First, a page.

As an alternative to the rapid processing of the collagen described above, the collagen may be treated with a dilute edible acid, such as lactic acid, acetic acid, or the like, and repeatedly squeezed and washed so that the excess, unreacted lime present in the collagen is neutralized and washed from the collagen. This neutralization is usually carried out prior to the final comminution of the collagen to form a slurry for extrusion. In neutralizing and removing the excess lime from the collagen a sequestering agent such as EDTA or a detergent, such as cationic, anionic, or nonionic detergent may be used to facilitate removal of the excess lime.
When an unlimed collagen source is used, the procedure followed is quite similar. The hide is swollen with acid such as lactic acid and is dehaired by scrapping or splitting. In such a procedure, the unlimed collagen material is then ground and swollen in acid to form an extrudable slurry.
The swollen collagen slurry which is produced by any of the procedures described above is extruded through a suitable die into a coagulating bath to form a salt-coagulated extrudate. When an edible casing is to be formed the collagen is extruded in the form of a tube. When a sheet material is formed the collagen is extruded through a slit. The collagen extrudate is then tanned, using a rapid, non-toxic tanning agent, washed, plasticized, dryed, and in the case of edible casings, is shirred and packaged. In carrying out the improved process of this invention the extruded and tanned collagen article is treated with a carbonate or bicarbonate salt and acid to cause the article to be formed with a microporous structure. In the case of edible casings or thin films or sheets of reconstituted collagen which may be used for surgical dressings the product is treated with carbonate or bicarbonate salts in aqueous solution just prior to the final wash step. The carbonate or bicarbonate salts react with the residual acid in the product from the coagulation step and generate carbon dioxide to form a microporous structure.
The process for preparation of casings and other extruded collagen materials in accordance with this invention will be understood more fully by reference to the following description and the accompanying drawings, in which:
FIG. 1 is a flow diagram illustrating schematically the more important steps in the extrusion, tanning, and processing of edible collagen casings,
FIG. 2 is an extruded edible collagen casing prepared in accordance with this invention as processed in a shirred form,
FIG. 3 is a schematic view showing the filling of the casing with sausage meat on an extrusion horn or nozzle and the preparation of sausage links therefrom.
In a preferred form of the process, animal hides are cut in suitable pieces (hide trimmings may also be used) and are treated with a suitable lime solution for removal of hair. The hide may also be limed before cutting into small pieces. The lime solution is preferably a solution containing excess solid lime, sodium sulfhydrate, and dimethylamine sulfate. After treatment in such a solution for a period of less than 2 days (3 to 12 hours or less is preferred), the hides are removed and washed. After washing, the hides are split or otherwise mechanically abraded to remove the epidermal layer and any remaining hair. Alternatively, the limed hides which have been treated for removal of the epidermal layer and hair may be treated with an edible, non-toxic acid to neutralize any excess lime and then subjected to washing, either with or without an added detergent or sequestering agent, to remove the excess lime. Also, it is possible to use hides which have been swollen with acid and the hair and epidermal layer split off without the initial liming step.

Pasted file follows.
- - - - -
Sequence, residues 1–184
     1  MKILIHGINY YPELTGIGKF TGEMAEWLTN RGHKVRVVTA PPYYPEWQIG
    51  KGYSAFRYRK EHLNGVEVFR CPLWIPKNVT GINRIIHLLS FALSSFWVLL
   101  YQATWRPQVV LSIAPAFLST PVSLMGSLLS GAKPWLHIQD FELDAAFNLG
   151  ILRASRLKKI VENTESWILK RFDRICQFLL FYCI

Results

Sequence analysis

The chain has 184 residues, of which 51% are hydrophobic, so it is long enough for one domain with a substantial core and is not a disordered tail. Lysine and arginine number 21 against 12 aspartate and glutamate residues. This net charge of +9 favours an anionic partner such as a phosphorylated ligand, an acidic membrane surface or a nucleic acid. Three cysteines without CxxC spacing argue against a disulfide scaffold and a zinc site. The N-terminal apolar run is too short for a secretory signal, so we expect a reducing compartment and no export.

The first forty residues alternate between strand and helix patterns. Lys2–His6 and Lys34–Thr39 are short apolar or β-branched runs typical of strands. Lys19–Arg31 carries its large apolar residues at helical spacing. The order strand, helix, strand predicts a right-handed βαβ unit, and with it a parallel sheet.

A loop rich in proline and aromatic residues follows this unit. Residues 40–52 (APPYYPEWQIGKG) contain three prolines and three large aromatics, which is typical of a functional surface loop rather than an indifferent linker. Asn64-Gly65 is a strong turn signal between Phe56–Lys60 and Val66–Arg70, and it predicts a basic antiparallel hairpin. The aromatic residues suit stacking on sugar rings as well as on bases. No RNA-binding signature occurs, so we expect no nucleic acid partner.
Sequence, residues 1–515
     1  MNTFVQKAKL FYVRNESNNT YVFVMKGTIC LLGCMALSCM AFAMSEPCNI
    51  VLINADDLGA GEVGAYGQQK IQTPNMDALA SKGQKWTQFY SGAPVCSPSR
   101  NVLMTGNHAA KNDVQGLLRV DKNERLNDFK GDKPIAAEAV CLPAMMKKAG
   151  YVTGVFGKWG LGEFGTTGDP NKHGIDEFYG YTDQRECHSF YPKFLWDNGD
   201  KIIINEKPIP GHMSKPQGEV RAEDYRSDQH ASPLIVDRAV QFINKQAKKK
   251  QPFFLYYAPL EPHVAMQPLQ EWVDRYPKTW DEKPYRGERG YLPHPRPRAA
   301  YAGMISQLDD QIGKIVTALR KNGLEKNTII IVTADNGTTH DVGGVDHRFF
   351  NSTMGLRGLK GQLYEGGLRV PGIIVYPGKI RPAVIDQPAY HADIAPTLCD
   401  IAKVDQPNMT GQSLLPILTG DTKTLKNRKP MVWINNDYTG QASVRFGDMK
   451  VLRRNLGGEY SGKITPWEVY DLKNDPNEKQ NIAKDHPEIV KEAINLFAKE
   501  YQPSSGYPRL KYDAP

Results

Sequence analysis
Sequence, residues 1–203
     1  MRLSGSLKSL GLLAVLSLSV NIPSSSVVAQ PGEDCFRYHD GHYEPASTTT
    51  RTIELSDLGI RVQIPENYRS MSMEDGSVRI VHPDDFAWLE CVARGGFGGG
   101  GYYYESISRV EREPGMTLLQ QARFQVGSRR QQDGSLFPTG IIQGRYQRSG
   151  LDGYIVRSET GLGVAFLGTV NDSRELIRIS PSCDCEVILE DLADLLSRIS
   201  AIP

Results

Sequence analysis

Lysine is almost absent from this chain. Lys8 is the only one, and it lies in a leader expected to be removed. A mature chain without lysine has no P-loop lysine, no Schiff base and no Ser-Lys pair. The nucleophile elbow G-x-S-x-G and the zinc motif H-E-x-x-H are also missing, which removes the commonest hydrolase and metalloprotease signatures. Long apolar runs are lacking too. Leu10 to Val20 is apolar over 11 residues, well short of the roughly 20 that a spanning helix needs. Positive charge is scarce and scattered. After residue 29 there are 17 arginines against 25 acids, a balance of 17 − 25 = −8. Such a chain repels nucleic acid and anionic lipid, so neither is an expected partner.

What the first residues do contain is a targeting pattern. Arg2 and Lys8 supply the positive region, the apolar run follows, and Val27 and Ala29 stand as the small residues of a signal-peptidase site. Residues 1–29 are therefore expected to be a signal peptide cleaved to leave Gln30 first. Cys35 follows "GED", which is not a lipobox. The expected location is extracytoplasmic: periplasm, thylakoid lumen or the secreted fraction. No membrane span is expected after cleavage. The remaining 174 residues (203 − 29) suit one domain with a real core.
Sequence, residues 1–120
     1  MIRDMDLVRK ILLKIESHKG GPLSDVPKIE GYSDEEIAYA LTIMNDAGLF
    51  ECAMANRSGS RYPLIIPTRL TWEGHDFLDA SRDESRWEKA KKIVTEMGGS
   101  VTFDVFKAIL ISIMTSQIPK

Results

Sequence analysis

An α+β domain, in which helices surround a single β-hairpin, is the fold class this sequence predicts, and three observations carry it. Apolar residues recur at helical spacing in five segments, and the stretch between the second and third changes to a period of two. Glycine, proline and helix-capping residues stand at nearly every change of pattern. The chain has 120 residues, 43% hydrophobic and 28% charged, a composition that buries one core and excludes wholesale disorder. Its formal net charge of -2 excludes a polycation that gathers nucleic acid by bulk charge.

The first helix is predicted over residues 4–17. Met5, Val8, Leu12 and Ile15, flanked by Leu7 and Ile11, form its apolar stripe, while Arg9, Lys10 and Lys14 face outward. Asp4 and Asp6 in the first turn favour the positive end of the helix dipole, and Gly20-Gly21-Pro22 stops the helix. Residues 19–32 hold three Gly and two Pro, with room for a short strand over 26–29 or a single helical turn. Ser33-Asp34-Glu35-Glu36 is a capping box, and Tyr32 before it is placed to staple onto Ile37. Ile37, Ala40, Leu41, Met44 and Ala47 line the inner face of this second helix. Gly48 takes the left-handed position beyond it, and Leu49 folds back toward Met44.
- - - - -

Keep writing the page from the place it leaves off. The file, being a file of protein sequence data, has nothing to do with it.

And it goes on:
The hides which are thus prepared are ground into particles of very small size to produce an aqueous slurry having a collagen content in the range from about 26%, preferably about 3.5'5%. The collagen is maintained at a temperature less than about 20 C. (preferably less than 10 C.) during the grinding by repeated addition of ice to the mixture. The collagen slurry which is thus prepared is treated with a dilute solution of weak acid to swell and burst the collagen fibers as previously described. The washings, dehairing, grinding, and acid-swelling of the collagen are carried out as quickly as possible, preferably less than about 12-48 hours.
The swollen collagen slurry is then extruded through an annular die to produce a thin-walled tubular product suitable for use as sausage casings after tanning and further processing. If a sheet material is desired the collagen may be extruded through a slit. In order to obtain maximum strength in a casing made by this procedure, the collagen slurry is preferably extruded through a die having rotating inner and/ or outer parts which is well known in the prior art in the preparation of collagen casing, vide Becker US. Pat. 2,046,541.
The collagen is extruded through the die into a coagulating bath consisting of a concentrated solution of sodium sulfate and/or ammonium sulfate. The collagen product which is formed, viz a thin-walled tubular casing or a sheet material, is then passed into a tanning bath, viz basic aluminum sulfate, basic ferric sulfate, or basic chromic sulfate, and subsequently washed and plasticized. The extruded product is treated with carbonate or bicarbonate salts in solution prior to washing which result in the formation of a microporous structure in the extruded material. I